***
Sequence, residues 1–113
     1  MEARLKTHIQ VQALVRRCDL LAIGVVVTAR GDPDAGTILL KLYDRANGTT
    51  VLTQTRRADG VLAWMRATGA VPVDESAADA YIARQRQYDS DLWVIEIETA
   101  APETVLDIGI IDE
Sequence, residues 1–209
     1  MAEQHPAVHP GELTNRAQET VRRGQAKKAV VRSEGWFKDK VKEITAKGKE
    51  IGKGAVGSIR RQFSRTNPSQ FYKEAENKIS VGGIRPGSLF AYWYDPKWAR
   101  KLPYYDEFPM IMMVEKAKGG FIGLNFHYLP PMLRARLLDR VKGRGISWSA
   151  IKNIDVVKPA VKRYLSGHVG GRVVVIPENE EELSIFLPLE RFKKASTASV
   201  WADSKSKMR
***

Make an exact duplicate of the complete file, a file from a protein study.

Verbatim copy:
Sequence, residues 1–113
     1  MEARLKTHIQ VQALVRRCDL LAIGVVVTAR GDPDAGTILL KLYDRANGTT
    51  VLTQTRRADG VLAWMRATGA VPVDESAADA YIARQRQYDS DLWVIEIETA
   101  APETVLDIGI IDE
Sequence, residues 1–209
     1  MAEQHPAVHP GELTNRAQET VRRGQAKKAV VRSEGWFKDK VKEITAKGKE
    51  IGKGAVGSIR RQFSRTNPSQ FYKEAENKIS VGGIRPGSLF AYWYDPKWAR
   101  KLPYYDEFPM IMMVEKAKGG FIGLNFHYLP PMLRARLLDR VKGRGISWSA
   151  IKNIDVVKPA VKRYLSGHVG GRVVVIPENE EELSIFLPLE RFKKASTASV
   201  WADSKSKMR